Archive for the ‘NNN’ Category

Luck vs Choice?

Monday, December 4th, 2017

So, one of the questions I tend to ask myself, as I talk to people who can’t troubleshoot simple machinery, is to what extent did I get lucky and to what extent have my choices led me to where I am?

It’s a worthwhile question. Did a simple throw of the genetic dice, or the path that I was led down, lead to me being capable of understanding almost any human-made system? Or is it my repeated choices to read, to study, to attempt to fix things even when I don’t actually know how, to ask questions of other people, to – not to put too fine a point on it – continuously learn and evolve over the course of my life?

Sometimes I get incredibly frustrated when talking to people who are not as capable as I am and who repeatedly insist that they can’t do something. Pretty much everything built by humans can be understood by humans and fixed by humans. And I wonder, is this a choice they’re making? Do people choose to be less capable than they are biologically able to be? Sometimes it feels extremely choice-driven – and yet, I am not at all clear whether it is or not. Re: previous discussions on free will, I think that not everyone has as large a list of options in their ‘what can I choose to do right this second’ list as I do, and I think some of that is that the more you learn, the larger your free will window becomes. So people who haven’t been imbued with a can-do attitude and experienced validation of that attitude literally can’t choose to believe that they can i.e. troubleshoot their car.

I have also seen people create large numbers of imaginary obstacles for themselves before they ever even attempt the job at hand. Now, I should mention that I think memetic disempowerment is a systematic problem with humanity – recently someone reminded me of the quote “All have sinned and fallen short of the glory of God” which I think is a *excellent* example of memetic disempowerment and one of the many reasons that Christianity deserves relegated to the dustbin of history. Yes, sure, believe you’re going to fail before try! That’ll help! I also think that there is a fair amount of memetic disempowerment that goes on in our educational system – repeatedly grading people is not likely to help them feel empowered unless they happened to start out at the top of the ladder – and in our consumer-driven world, since after all if you feel empowered enough you might not buy $WHATEVER.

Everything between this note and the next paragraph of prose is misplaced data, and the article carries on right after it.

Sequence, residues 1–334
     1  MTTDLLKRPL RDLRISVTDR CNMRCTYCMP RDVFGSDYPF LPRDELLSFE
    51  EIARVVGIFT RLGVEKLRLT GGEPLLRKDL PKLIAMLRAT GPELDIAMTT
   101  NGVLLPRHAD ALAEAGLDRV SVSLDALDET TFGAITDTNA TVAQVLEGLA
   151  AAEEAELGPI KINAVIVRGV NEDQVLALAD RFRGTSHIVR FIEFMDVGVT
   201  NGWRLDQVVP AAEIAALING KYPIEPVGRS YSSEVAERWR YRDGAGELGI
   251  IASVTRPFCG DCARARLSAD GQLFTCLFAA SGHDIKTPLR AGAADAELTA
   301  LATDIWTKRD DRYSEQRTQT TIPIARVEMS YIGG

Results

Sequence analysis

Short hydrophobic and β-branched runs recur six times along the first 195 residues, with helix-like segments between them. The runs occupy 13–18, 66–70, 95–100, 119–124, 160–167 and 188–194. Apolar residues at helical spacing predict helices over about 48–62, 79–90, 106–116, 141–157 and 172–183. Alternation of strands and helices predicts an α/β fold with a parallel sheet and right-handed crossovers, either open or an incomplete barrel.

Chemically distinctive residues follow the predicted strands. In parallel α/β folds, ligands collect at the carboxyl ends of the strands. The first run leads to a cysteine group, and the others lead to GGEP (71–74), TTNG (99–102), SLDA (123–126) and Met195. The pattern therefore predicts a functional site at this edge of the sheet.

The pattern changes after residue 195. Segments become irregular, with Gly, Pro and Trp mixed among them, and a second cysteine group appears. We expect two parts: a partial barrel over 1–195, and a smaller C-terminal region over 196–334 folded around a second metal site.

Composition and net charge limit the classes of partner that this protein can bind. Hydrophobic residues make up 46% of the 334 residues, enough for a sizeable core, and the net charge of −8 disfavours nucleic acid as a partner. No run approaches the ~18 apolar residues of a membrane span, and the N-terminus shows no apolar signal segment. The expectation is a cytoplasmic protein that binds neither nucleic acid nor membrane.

I am sure I also create imaginary obstacles for myself, and I’m sure that I have also frustrated many people in the past in ways similar to how I am sometimes frustrated by others now. I do wonder, though, how much of this is a choice and how much of it is directed by the wiring and memetic programming?

Another question is, what do we owe those who can’t? The political powers that be would, it would seem, like to throw anyone who isn’t extremely capable in all areas under the bus – and I assume that sooner or later this will include me, since if we keep raising the hurdle, sooner or later I will not be able to jump it. It’s clear that if we wanted to feed and house everyone we could, but also that we feel warm and fuzzy about patting ourselves on the back as we throw those who are less capable under the bus. Personally, I think we should try and feed and clothe and house everyone – in fact, give everyone everything they want, to the extent of our capability – although there are those who argue that we wouldn’t enjoy things if we didn’t have to struggle for them.

I don’t know. Rereading this post, I feel kind of like it paints me as a awful person, and that isn’t really my intention at all.

From a facebook discussion : free will

Thursday, November 23rd, 2017

Well, the problem I have with saying I have free will is multifold. A: I am not sure I exist. “I” as a single entity might well be a illusion since I appear to be a cooperating collection of subnets, and experiments like cutting the corpus callosum argue strongly that I am not a single ego, that this is a illusion. B: I am not sure, if I do exist, that I’m not deterministic. Experimenting with artificial neural networks, I note that they tend strongly towards the deterministic unless measures are taken to keep them from being deterministic. C: I am not sure, if I do exist and am not deterministic, that it is free agency and not a RNG or random noise that is guiding my actions. And yet, the idea that I am a person wandering around taking actions of my own free will is very compelling. Especially when I start discussing the matter which seems very meta

Neural networks and what you can’t let go of

Wednesday, August 9th, 2017